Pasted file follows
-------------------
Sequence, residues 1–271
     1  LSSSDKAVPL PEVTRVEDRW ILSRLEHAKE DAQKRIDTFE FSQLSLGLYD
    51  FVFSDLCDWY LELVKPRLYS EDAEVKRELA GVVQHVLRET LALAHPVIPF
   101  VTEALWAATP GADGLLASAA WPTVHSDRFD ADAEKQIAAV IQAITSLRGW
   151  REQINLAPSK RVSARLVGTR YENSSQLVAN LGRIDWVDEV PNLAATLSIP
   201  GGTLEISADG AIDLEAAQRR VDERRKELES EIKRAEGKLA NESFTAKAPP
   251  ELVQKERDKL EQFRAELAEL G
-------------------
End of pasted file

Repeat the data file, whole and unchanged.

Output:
Sequence, residues 1–271
     1  LSSSDKAVPL PEVTRVEDRW ILSRLEHAKE DAQKRIDTFE FSQLSLGLYD
    51  FVFSDLCDWY LELVKPRLYS EDAEVKRELA GVVQHVLRET LALAHPVIPF
   101  VTEALWAATP GADGLLASAA WPTVHSDRFD ADAEKQIAAV IQAITSLRGW
   151  REQINLAPSK RVSARLVGTR YENSSQLVAN LGRIDWVDEV PNLAATLSIP
   201  GGTLEISADG AIDLEAAQRR VDERRKELES EIKRAEGKLA NESFTAKAPP
   251  ELVQKERDKL EQFRAELAEL G